The most common question I’ve heard in the past five years is, “Which social media sites should my school be on?” It’s an innocent and honest question, and a good one to continually ask. The question of 2012 has been, “Should my school be using Pinterest?” with the underlying question being: “If I use it for my school, how do I use it well?”
If you’re already using Pinterest or are convinced already, you can jump ahead to the tips (below the hat). For those of you wondering about why you should consider using Pinterest for your school, here are a couple of key facts about Pinterest’s importance and recent growth:
- Pinterest drives traffic around the web. Lots of it. More traffic, in fact, than anything except Google, direct clicks, and Facebook, according to Shareaholic via Techcrunch.
- Pinterest is in the midst of a meteoric rise, growing 4377% from May 2011 to May 2012, compared to Facebook’s 4% increase over the same period.
Here are your overarching tips for effective use (read this great how-to for specifics about using Pinterest to market for schools):
(1) Looks do matter: Pinterest is a great visual way to organize and share the “beautiful things” you find on the web. Your constituents who use it know this, so it’s key to gussy up your offerings.
- Examples: Good: bright lighting, obvious subject, breathtaking picture. / Not so good: blurry/darker picture, not obvious subject, generally blah.
(2) Be creative: The “wow” factor spreads quickly on Pinterest through likes and repins. Be sure to feature the things that make your school stand out. Be honest with yourself about this one — schools are often very similar and have “gorgeous grounds” and “brand-new facilities.”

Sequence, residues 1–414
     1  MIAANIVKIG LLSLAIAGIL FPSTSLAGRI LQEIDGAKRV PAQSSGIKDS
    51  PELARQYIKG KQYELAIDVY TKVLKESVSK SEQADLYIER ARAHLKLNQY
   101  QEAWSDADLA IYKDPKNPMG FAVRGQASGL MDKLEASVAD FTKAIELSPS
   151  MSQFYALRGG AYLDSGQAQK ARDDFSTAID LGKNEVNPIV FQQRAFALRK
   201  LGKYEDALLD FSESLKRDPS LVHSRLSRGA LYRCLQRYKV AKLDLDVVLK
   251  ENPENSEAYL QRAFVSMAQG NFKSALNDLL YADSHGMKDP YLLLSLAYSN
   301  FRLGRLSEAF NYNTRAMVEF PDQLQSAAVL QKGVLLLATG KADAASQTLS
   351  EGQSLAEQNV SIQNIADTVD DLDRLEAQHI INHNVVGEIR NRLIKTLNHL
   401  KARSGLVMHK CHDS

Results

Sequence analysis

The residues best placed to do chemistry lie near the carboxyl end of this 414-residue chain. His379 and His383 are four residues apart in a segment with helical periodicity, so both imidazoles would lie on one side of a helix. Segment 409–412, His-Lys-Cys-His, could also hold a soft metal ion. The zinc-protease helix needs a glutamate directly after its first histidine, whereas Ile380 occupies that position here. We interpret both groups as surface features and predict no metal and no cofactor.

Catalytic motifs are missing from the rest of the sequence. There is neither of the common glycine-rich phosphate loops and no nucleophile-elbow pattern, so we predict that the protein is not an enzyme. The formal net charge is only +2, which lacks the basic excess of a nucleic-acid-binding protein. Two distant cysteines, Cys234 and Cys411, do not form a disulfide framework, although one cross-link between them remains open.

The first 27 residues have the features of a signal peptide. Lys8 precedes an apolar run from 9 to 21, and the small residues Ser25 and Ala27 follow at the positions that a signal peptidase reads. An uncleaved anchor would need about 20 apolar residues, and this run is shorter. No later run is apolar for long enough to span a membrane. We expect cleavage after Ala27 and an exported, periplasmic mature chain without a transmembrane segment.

- Example: Peddie School’s “Falcons” board has all different types of falcons (some from the school, some not)
(3) Organize: Parents, alums, faculty/staff, students, and prospective families all are probably using Pinterest differently. Be sure you meet them in a way that makes sense to each of them (this likely means having several pinboards with different types of pins on each).
- Example: Loomis Chaffee has boards that range from magazine covers to notable alumni to sustainable agriculture to summer reading lists.
(4) Be delightful: People love to get behind a lovely concept. Give them a chance to do so!
- Example: Stratford School has a cheeky board entitled “family snack time” with cute pictures of snacks that kids would love.
(5) Don’t be braggadocious: Always ask yourself if you’re featuring the creativity of your constituencies or only using Pinterest to further your school’s own goals.
- Example: Northfield Mount Hermon School has boards that play to the school’s strengths, but the boards do an even better job giving props to the people who make the school what it is.
(6) Be nimble: Figure out what people like or repin the most, then craft future pins to increase the likelihood your new pins will achieve the same success. Don’t get too locked in to what your agenda is.
- Get your Pinterest goodies (bookmarklets, buttons, etc.) here.
- You can use hashtags (#) and @names on Pinterest to spread the word.
- If you like playing with online toys, you can use a tool like pinerly to help make your pins look nicer, track clicks, and (coming soon) schedule your pins.
Here are a couple of things to get your creative juices flowing:
What floats your boat or your school’s boat about Pinterest? Have tips to share of your own? Comment below!